And I’m so relieved, at least momentarily. But since Matthew died, this type of scenario has played out in my mind far too many times. I’m so terrified of losing someone else I love. I’m also terrified of someone I love losing me. I had these fears before. I knew tragedy could strike me at any time. But it never actually had. I guess there was some level of reassurance that came from this, no matter how illogical said reassurance was.
The thought of how quickly life can change continues to rock me to my core almost daily. There’s a difference between knowing this intellectually and experiencing the brutality of it – experiencing all being right in your world one second, and then, all being wrong, completely shattered to smithereens, in the very next second. Life is irrevocably changed, and so are you, with no warning signs whatsoever. The power and impact of the terror and the trauma and the suddenness of this cannot be explained using words.
Now, literally, anything seems possible. I’ve experienced the worst and have thus lost many of the protective mechanisms which enable most to insulate themselves from regularly entertaining such dark thoughts.
There is no more, “Well, maybe tragedies only happen to other people,” when you’ve experienced a tragedy first-hand. When you truly know how fast events can materialize, seemingly out of thin air. And when you truly know that nothing could have protected you from any of it. When you truly know that nothing protects anyone from any of it, really.
So now, it seems, if my perfectly healthy, perfectly beautiful child could die suddenly during week 32 of my textbook pregnancy, then yes, my husband could also be kidnapped by an Uber driver, his body dumped in a lake in Minnesota. Or the swollen gland on Mark’s neck (from a month ago, which has since returned to normal) could be something more ominous than the cold that apparently caused it. Or Howie’s failure to respond to my call could mean he jumped the fence, was hit by a car, and is lying dead in the middle of a street nearby. Or Jay’s few minutes of quiet could mean his heart’s beat for the last time.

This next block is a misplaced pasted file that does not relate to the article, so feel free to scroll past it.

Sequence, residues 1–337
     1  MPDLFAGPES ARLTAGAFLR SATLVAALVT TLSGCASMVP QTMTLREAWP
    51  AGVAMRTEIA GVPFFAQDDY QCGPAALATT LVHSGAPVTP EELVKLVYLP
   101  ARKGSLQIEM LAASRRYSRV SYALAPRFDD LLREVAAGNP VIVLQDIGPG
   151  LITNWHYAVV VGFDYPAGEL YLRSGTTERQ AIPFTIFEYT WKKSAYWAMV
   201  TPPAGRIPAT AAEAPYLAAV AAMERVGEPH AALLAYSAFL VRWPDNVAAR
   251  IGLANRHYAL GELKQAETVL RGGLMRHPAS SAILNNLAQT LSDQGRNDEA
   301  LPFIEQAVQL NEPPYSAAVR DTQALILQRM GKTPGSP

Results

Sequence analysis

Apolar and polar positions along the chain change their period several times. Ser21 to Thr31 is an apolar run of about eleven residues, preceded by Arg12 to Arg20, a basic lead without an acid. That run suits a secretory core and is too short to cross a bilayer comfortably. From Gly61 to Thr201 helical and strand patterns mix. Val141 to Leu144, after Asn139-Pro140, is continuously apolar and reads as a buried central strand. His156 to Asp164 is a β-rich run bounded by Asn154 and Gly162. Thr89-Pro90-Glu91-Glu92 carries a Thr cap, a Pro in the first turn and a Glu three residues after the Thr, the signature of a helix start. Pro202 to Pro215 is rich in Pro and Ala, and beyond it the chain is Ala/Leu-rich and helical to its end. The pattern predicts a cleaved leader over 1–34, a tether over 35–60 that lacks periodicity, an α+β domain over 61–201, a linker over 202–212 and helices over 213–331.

I have these thoughts all of the time. I also have flashbacks of my night in the hospital, of being rushed into emergency surgery, and of the moment I learned Matthew died. And the nightmares… They involve all of the aforementioned and also include creative new ways I, or other family members, could perish.
In relation to this rainbow pregnancy with Jay, I try to think positively. Just as there are times I’m sure there is no way he will make it here safely, there are other times I find myself thinking that he will indeed make it here safely. Though these thoughts come and go at random. And most of the time, my thoughts/feelings lie somewhere in the middle.
I’ve had a few attempt to reassure me, “You’ve just gotta have faith…”
And, though I appreciate their sentiments, it is so damn hard to have faith in anything when maybe you had some faith before you were struck by tragedy. When you know “faith” didn’t protect you before, and that, technically, it won’t protect anyone, ever.
I’ve also heard a few other baby loss moms (Nora?) refer to a rainbow pregnancy as a “prove it” pregnancy. And I like this better. And this concept also seems to apply to life after loss in general…
Because I’ve been through the improbable and the worst. So it’s easy to imagine some other version of the improbable and the worst happening again. It’s incredibly difficult to believe in anything good when not long ago, I was so badly and irreparably burned. I need life to “prove” it can be good again, not just once, but repeatedly, over an extended time period, before I’ll start to believe it, before I’ll have a snowball’s chance in hell of recovering from any of these post-traumatic stress disorder (PTSD) symptoms I’m experiencing.
So I’m waiting, hopefully and skeptically, thinking, “Okay, life, prove it.”